Independent petrol retailers turn on the government for encouraging panic buying of fuel, describing its approach as "ill-conceived" and criticising ministers for failing to engage with the industry.
In a letter to Energy Secretary Ed Davey, Brian Madderson, chairman of Retail Motor Industry Petrol (RMIP), says: "Independent petrol retailers across the UK have had their confidence abruptly shaken by the government's perceived inability to manage the issue of a potential industrial dispute by Unite-affiliated tankers drivers."
Mr Madderson, whose organisation represents 5,500 independent filling stations, adds that the "government created a crisis", with "ill-conceived recommendations and complete lack of engagement with industry to prepare for possible strike action".
Last week, the government advised motorists to fill up their tanks in preparation for a possible strike by tanker drivers. Cabinet Office Minister Francis Maude went further, suggesting people use jerry cans to store fuel. The result was panic buying, resulting in shortages of fuel and long queues ouside petrol stations.
RMIP has also released a copy of an email a member sent his Conservative MP, which calls the government's approach to the issue "probably the most incompetent handling of a situation that I can remember", adding that "this dispute has the potential of damaging the government beyond repair".
Ministers' advice has now changed markedly, with Deputy Prime Minister Nick Clegg saying on Monday: "There is no need for people to rush out and fill their tanks with fuel."
The effects of the government's previous advice are still being felt across the UK, with RMIP reporting that up to 50 per cent of its members were unable to replenish their stocks on Sunday.
This contributed significantly to falls in sales of petrol and diesel for the first time since the panic began, and some petrol stations will not have fuel delivered until the easter weekend or beyond.
Talks to try to avert a strike by tanker drivers began on Monday. There are 8,706 petrol stations in the UK and Unite says its 2,000 drivers supply fuel to 90 per cent of them.
If the talks at Acas fail, and drivers take industrial action, there is the prospect of petrol stocks running out within 48 hours of a strike beginning.
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The union says the dispute is about terms and conditions of employment, not pay. It points out that whereas tanker drivers used to be employed directly by the major oil companies, these organisations now contract out the business of delivering fuel to forecourts, and employees' rights are suffering as a result.
Unite's 2,062 drivers work for BP Oil UK, Turners (Soham), JW Suckling, Hoyer Petrolog UK, Norbert Dentressangle Tankers, Wincanton, and Energy & Environment DHL Supply Chain, Industrial UK.
The union is lobbying for national standards on working conditions and health and safety, alongside a national forum, "respected by all industry players", to uphold these standards.
It argues that the "contract merry-go-round" means drivers' conditions change every three to five years, "bringing with each change a fresh assault on working conditions", whereas 20 years ago, contracts were awarded for 10 years.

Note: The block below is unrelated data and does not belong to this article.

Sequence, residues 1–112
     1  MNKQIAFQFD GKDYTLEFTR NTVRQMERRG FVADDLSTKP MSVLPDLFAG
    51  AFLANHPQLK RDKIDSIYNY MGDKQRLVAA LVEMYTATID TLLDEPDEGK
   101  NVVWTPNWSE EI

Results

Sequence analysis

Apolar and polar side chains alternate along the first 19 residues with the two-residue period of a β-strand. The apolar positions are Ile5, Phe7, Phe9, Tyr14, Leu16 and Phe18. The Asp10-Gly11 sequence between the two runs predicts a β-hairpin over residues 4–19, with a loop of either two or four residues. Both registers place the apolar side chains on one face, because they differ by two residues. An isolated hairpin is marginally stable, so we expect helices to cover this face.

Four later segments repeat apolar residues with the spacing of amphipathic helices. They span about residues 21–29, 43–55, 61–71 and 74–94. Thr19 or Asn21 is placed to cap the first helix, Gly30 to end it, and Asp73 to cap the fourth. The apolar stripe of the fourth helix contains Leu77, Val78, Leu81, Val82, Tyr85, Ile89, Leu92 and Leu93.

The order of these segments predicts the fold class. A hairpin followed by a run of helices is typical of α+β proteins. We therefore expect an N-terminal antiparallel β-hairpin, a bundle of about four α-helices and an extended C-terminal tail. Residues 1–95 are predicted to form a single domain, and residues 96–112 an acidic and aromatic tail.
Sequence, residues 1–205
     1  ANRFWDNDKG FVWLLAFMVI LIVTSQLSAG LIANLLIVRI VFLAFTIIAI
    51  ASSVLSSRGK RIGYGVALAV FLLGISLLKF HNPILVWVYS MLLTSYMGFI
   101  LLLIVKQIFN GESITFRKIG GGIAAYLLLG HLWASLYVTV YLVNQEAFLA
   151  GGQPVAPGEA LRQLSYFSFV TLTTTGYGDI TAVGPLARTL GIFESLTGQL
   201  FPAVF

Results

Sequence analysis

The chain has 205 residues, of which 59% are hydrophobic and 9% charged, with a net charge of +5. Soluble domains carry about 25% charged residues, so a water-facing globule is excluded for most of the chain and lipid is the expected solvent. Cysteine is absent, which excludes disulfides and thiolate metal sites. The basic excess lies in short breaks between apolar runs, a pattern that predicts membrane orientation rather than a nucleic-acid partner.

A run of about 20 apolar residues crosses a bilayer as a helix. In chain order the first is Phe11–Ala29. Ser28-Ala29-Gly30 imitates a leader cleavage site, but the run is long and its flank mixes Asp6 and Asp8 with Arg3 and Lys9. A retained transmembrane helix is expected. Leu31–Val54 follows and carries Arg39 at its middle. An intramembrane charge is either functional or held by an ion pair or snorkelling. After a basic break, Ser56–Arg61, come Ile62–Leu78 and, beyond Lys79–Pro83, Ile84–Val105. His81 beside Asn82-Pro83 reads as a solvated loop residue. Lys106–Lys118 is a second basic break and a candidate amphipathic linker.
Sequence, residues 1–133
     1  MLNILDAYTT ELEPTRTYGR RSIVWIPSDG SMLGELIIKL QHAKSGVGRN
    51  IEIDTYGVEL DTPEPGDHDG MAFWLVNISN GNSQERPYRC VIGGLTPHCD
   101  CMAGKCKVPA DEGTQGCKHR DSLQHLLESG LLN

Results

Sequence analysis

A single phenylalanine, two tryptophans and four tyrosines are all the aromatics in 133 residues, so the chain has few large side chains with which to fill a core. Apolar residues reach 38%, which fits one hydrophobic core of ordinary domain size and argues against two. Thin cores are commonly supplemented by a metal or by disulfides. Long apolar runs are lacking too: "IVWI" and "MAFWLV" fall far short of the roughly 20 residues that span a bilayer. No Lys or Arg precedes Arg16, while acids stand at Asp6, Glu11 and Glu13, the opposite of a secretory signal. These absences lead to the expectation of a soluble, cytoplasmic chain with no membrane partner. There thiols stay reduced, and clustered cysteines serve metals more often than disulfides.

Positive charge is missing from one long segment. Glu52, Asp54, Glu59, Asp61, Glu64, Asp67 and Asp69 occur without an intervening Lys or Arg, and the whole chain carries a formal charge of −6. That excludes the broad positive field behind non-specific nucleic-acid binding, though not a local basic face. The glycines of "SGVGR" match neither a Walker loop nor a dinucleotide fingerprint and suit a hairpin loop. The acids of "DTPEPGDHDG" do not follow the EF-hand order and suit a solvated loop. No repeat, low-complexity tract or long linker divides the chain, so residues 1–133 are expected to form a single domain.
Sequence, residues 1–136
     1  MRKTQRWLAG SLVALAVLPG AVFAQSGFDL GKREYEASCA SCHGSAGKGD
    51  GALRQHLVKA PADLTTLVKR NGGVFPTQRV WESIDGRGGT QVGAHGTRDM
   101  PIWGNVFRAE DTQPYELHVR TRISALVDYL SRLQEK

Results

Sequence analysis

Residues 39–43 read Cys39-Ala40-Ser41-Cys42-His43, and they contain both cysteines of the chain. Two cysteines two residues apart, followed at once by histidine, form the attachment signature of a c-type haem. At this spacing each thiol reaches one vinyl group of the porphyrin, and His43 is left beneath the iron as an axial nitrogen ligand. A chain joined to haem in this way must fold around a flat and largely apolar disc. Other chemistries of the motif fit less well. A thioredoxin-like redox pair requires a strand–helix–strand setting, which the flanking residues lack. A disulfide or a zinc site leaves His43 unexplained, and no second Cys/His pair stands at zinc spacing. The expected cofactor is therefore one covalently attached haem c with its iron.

Competition to win contracts means companies are cutting corners on health and safety, it says, with drivers forced to meet tighter deadlines.
It wants a national forum to establish a set of minimum standards on training, pay, pensions and health and safety, but says some employers are resistant.
The Road Haulage Association (RHA), which counts most of the firms mentioned above among its members, says many fuel tanker drivers are not members of Unite, and those who have voted for strike action are in a minority.
It says these drivers are paid much more than other lorry drivers, with average salaries of more than £40,000 a year. The RHA says standards in the industry are far above the legal minimum and staff are well trained.
Firms are resisting Unite's call for a national pay and conditions package on the basis that they are operating in a free market and are not part of a nationalised industry.
Wincanton, which employs 440 drivers on average salaries of £45,000, says it and five of the other companies involved in the dispute have signed up to Unite's forum.
It says that while it is happy for industry-wide standards on health and safety, pensions, training and holidays, it wants the freedom to set its own pay levels and working hours arrangements, reflecting customer requirements and where staff are employed.
2000 fuel dispute
The possibility of fuel supplies being disrupted is a reminder of what happened in 2000, when Tony Blair's government faced its first serious
Back then, it was not trade unionists threatening to strike over their terms and conditions that affected supplies. It was small haulage firms
and farmers blockading fuel terminals in protest about the high cost of diesel.
These hauliers tried to stop tanker drivers from leaving terminals to deliver fuel. Now it is the tanker drivers contemplating industrial
action, but to make matters worse for the government, some hauliers have said they will back the strikers.
Truckers led to Andrew Spence, who played a prominent part in the 2000 dispute, plan a blockade of refineries and are threatening to cause
gridlock on motorways because of the rising cost of fuel.
Mr Spence warned: "We are better organised than we were in 2000. This time we will bring the government down."